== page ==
After a long life of 21 weeks in theaters, JJ Abrams new Star Trek movie has officially ended its run. The film is still in a handful of theaters (including some IMAX), but distributors will no longer be tracking performance. The final tally, as of last Thursday, brings the film a few thousand short of $385 Million world-wide, which is certainly a big success, especially for a franchise that was given up for dead by some just a few years ago. See below for more analysis
Star Trek is Back
According to Box Office Mojo, Star Trek’s domestic tally is $257.7 over the 147 day theatrical run. This includes $28.1 Million for IMAX (or around 11%). This makes it the highest grossing and highest attended film in the Trek franchise.
Star Trek’s performance makes it the 47th highest grossing film of all time (180th when adjusting for inflation). More importantly, Star Trek ended up beating expectations, by outperforming its two primary May 2009 competitors, X-Men Wolverine ($179.9M) and Terminator Salvation ($125.3). The film is currently the 5th ranked film for 2009 (Fall/Holiday releases like 2012, Sherlock Holmes, New Moon and Avatar could push it down the list). The film also met Paramount’s goals of of putting it into league with other recent tentpole films, like Iron Man, and ‘franchise reboots’ like Batman Begins and Casino Royale.
Star Trek has work to do internationally
Although Star Trek was a hit domestically (which covers US and Canada), internationally it was more of a mixed bag. According to the international distributor, Star Trek brought in $127.2M overseas. This is quite good for the franchise, and the best outing since Star Trek The Motion Picture.
(note: chart below adjusts inflation based on domestic release year, although much of international sales came later, so these are ‘best cases’)
With the strength of it’s domestic sales, Star Trek brought in around $385M total worldwide, which currently ranks it 8th for the year. But when you look just at its international sales, the film is ranked 13th. In the last two decades, Trek films have just not been a strong performer overseas. A number of films that Star Trek eclipsed at home, ended up beating it overseas.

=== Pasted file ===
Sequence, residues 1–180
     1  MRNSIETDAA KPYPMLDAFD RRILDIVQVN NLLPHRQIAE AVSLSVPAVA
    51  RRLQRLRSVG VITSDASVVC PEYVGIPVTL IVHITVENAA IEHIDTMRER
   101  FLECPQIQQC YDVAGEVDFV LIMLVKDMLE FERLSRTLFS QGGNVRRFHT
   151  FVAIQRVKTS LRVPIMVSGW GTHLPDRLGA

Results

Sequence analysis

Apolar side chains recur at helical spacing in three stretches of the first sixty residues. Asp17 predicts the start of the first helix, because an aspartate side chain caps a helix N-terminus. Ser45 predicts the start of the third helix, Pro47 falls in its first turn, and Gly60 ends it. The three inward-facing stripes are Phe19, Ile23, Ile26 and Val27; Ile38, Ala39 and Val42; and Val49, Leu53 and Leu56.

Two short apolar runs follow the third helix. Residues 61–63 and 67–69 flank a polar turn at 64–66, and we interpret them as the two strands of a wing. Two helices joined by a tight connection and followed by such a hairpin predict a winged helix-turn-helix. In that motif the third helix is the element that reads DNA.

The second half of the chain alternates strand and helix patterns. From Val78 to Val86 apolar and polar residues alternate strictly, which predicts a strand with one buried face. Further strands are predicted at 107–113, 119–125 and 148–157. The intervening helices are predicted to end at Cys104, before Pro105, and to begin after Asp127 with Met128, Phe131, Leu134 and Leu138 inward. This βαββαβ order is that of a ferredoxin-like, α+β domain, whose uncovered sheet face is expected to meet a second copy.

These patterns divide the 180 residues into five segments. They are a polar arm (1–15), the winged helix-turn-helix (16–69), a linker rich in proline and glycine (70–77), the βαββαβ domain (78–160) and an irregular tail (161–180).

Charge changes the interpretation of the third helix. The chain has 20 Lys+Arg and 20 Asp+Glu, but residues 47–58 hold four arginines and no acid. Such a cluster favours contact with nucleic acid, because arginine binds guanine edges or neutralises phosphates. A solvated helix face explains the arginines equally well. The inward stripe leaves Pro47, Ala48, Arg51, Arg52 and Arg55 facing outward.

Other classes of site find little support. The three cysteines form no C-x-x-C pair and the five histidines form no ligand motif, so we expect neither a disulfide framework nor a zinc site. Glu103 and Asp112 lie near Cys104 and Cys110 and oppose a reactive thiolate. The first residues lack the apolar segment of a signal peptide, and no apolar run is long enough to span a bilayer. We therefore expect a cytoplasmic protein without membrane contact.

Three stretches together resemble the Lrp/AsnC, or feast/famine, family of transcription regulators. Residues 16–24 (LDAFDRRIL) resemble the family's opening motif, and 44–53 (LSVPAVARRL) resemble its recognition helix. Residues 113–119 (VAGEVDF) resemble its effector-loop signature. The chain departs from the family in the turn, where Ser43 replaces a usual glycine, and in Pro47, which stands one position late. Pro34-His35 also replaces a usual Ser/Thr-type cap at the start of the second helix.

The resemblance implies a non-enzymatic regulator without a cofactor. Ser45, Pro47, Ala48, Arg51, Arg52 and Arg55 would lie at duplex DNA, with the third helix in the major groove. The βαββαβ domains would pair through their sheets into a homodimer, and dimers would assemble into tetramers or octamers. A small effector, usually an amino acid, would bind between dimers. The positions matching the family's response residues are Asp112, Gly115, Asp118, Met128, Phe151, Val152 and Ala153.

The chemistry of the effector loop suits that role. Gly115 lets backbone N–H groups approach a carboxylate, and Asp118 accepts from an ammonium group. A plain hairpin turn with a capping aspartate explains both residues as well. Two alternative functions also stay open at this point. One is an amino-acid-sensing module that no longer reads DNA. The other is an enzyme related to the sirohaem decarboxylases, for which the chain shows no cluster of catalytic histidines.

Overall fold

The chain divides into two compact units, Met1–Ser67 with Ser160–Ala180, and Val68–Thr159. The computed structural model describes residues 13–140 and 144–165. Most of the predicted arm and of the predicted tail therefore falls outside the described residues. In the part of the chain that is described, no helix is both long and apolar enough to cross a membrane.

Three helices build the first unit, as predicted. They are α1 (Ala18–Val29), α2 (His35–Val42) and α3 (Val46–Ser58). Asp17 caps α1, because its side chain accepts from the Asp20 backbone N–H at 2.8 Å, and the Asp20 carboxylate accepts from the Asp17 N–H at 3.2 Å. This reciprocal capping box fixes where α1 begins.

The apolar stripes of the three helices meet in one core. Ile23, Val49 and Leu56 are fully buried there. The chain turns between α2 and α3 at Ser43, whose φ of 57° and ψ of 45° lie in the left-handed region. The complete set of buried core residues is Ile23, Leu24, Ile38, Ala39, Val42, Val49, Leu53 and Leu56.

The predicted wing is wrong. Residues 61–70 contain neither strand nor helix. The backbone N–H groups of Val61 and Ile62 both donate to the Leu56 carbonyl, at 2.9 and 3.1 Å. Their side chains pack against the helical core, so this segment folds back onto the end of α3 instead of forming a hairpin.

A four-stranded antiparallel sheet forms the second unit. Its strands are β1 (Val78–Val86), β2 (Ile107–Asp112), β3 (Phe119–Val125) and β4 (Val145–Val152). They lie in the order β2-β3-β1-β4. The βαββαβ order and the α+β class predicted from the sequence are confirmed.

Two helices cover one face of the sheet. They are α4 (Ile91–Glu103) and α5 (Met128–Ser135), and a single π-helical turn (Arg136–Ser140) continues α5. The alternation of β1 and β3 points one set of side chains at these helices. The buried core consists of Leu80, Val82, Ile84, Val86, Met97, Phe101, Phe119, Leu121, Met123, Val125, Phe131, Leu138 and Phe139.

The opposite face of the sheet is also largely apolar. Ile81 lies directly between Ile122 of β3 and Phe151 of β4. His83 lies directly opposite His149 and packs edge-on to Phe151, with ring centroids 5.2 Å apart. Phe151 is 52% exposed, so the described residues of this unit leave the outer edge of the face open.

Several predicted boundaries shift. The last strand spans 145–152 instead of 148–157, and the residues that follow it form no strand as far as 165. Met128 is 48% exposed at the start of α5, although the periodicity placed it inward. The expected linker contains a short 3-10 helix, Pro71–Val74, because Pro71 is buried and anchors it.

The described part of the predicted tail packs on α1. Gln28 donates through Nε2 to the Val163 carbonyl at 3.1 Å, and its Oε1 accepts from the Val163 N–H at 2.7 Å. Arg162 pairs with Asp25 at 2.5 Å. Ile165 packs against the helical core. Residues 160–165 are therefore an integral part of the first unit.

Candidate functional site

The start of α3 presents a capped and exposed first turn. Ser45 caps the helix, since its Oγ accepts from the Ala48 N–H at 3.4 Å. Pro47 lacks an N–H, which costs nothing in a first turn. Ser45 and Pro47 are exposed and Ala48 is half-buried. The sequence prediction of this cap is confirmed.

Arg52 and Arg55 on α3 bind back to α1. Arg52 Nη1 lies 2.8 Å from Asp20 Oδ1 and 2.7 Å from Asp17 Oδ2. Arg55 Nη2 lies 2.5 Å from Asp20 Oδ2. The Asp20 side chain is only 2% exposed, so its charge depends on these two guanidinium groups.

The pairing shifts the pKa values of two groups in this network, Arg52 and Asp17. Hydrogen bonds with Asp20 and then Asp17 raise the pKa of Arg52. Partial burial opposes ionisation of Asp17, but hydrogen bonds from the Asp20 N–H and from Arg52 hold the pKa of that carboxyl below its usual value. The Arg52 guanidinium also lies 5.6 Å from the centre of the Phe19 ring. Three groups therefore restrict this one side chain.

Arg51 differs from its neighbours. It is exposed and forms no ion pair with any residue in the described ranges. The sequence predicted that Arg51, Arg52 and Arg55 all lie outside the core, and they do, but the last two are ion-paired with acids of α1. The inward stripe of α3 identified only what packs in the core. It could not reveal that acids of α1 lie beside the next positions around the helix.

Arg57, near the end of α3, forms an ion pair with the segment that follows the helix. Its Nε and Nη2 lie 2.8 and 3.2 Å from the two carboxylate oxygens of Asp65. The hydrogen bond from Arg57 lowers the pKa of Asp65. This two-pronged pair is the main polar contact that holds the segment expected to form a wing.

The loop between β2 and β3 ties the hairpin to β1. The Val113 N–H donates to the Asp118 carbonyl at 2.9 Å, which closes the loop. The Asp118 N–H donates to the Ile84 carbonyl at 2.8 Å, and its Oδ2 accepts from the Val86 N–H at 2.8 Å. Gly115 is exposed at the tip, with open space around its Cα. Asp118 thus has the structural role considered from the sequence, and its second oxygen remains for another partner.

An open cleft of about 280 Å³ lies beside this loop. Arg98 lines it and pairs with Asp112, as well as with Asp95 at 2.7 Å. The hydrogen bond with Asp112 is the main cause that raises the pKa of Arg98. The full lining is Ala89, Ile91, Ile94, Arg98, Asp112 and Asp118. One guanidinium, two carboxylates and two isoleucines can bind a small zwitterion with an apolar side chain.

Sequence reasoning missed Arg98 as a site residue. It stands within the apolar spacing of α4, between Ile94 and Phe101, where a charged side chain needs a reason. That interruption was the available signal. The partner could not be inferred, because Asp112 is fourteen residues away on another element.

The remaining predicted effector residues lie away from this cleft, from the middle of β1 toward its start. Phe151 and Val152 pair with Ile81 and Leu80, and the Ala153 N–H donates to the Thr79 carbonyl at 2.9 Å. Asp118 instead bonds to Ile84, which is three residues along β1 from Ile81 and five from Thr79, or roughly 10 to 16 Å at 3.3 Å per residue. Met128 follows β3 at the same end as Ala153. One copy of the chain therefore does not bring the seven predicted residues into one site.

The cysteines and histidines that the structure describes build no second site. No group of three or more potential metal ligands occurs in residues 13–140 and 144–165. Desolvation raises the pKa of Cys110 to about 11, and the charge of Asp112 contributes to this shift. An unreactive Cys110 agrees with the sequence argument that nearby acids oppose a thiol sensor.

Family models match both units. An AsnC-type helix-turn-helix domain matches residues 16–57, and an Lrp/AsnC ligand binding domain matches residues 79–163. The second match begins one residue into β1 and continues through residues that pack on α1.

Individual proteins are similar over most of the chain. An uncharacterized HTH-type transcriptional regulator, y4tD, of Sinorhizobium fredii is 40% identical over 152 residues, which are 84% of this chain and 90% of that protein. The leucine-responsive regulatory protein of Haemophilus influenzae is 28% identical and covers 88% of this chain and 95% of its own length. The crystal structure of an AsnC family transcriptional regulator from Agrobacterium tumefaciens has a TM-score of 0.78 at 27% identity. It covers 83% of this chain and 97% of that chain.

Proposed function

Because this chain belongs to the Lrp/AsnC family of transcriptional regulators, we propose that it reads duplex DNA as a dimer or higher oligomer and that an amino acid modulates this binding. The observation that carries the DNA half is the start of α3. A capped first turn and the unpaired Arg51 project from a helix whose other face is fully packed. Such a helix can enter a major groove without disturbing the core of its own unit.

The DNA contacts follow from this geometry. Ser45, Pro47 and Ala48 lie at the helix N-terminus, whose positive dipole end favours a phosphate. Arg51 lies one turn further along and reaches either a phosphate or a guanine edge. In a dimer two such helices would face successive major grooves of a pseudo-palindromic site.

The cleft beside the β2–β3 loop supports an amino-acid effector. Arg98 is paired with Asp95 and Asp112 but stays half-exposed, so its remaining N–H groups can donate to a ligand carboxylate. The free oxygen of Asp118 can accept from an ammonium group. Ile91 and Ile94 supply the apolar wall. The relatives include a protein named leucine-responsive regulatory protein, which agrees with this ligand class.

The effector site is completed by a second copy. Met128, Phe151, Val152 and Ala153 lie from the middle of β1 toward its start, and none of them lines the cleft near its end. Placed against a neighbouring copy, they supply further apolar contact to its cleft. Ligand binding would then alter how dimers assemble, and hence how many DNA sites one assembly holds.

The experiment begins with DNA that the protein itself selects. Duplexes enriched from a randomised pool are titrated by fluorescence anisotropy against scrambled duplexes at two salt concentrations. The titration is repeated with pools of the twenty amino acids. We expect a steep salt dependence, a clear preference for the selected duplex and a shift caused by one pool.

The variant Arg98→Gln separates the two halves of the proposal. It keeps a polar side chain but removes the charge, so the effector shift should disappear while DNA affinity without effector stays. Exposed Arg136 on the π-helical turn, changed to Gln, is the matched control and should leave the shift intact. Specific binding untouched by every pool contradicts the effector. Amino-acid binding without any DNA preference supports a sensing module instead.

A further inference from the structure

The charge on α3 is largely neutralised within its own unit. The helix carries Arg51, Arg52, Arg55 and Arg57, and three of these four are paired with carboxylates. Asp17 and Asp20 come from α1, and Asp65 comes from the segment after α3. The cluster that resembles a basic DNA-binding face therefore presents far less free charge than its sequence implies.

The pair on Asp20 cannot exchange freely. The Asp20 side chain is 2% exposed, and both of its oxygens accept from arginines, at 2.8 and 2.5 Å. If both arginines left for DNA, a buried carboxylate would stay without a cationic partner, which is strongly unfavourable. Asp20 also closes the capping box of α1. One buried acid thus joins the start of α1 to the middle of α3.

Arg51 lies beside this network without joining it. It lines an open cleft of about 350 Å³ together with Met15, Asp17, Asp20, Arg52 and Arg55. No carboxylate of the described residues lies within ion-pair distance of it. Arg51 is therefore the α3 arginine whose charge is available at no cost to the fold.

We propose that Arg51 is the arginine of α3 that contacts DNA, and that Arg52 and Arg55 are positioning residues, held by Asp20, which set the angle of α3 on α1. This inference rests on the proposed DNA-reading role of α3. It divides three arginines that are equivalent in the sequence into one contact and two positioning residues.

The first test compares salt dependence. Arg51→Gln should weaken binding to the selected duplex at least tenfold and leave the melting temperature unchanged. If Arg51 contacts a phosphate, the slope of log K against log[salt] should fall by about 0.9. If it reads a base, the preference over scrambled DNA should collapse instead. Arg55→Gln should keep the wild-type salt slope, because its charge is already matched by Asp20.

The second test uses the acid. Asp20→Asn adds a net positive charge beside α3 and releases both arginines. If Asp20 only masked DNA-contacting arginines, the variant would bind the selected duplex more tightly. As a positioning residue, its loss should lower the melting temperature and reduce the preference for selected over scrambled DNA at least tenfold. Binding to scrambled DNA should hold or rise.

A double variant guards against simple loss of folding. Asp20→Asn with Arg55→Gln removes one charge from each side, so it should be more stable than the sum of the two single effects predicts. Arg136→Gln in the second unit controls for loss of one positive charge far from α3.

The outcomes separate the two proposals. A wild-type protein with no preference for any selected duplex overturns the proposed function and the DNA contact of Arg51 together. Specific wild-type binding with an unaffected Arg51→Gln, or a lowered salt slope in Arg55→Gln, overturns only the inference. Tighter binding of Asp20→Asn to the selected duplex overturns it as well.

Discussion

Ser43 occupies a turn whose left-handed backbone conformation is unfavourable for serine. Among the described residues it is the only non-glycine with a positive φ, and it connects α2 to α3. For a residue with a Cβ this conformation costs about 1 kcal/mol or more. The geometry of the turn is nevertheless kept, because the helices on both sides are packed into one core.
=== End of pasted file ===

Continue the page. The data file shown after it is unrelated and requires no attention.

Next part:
As a percentage, Star Trek earned about 1/3 of its total money overseas, which is very low for modern big budget movies (except for comedies). Most films earn closer to 50%, with some films (like Ice Age 2, and Angels & Demons) earning up to 70% or more overseas. When one looks closer at the numbers, you can see that Star Trek actually performed well in the English-speaking countries (UK, Ireland, Australia, & New Zealand), where its competitive position was not unlike the domestic ranking. However, everywhere else in the world, the film did not perform like a Hollywood tentpole, and more like a medium-sized Hollywood movie. For example, in the UK Star Trek is ranked 6th for the year with $35.2M, but in Korea it is ranked 27th with $5.7M, in Mexico it is ranked 30th with $3.4M, in France it ranked 42nd with $7.0M.
As for why Star Trek under-performed in the non-English speaking world, there is no obvious single answer. One factor is clearly that Star Trek has never been a strong brand outside the English speaking countries (with the exception of Germany). In the past Star Trek films have been short on action and long on dialog, which has not worked well vs. other summer tentpoles. Even though the new Star Trek tried to redress this balance, it is possible that many foreign film goers just didn’t give it a chance and didn’t get the message that this was a totally new kind of Star Trek film (hopefully those that did go can help the word of mouth for the next film). Another factor could be that the film had no big bankable stars in (like a Tom Cruise, Wil Smith, Christian Bale, Hugh Jackman, etc.). Even though studios make more money off their domestic sales (less middlemen, no currency issues, etc), international sales are no longer the ‘extra’ bit for a movie. For the Star Trek sequel to break into the $500M+ category of ‘super blockbusters’ it is going to need to find a way to increase its appeal to non-English speaking audiences.
Home Video coming November 17th
The next big milestone for the Star Trek movie is the highly anticipated release on home video. The movie is getting three core releases in North America (1 disk DVD, 2 disk DVD, 3 disk Blu-ray), plus some special gift sets. There are also special sets in the UK, Germany and Japan. Paramount executives have been talking up the sales of Star Trek home video to investors, so it seems that they expect to be a big factor in their 4th quarter returns. It is possible that the film can build some more goodwill for first time viewers who waited until he film was available to rent, especially overseas.
And you can reserve your copy now, see below for pre-orders, including the Amazon and Best-buy gift sets.
|Star Trek 2009||3-disk set
3-disk set w/ replica
3-disk set w/ badges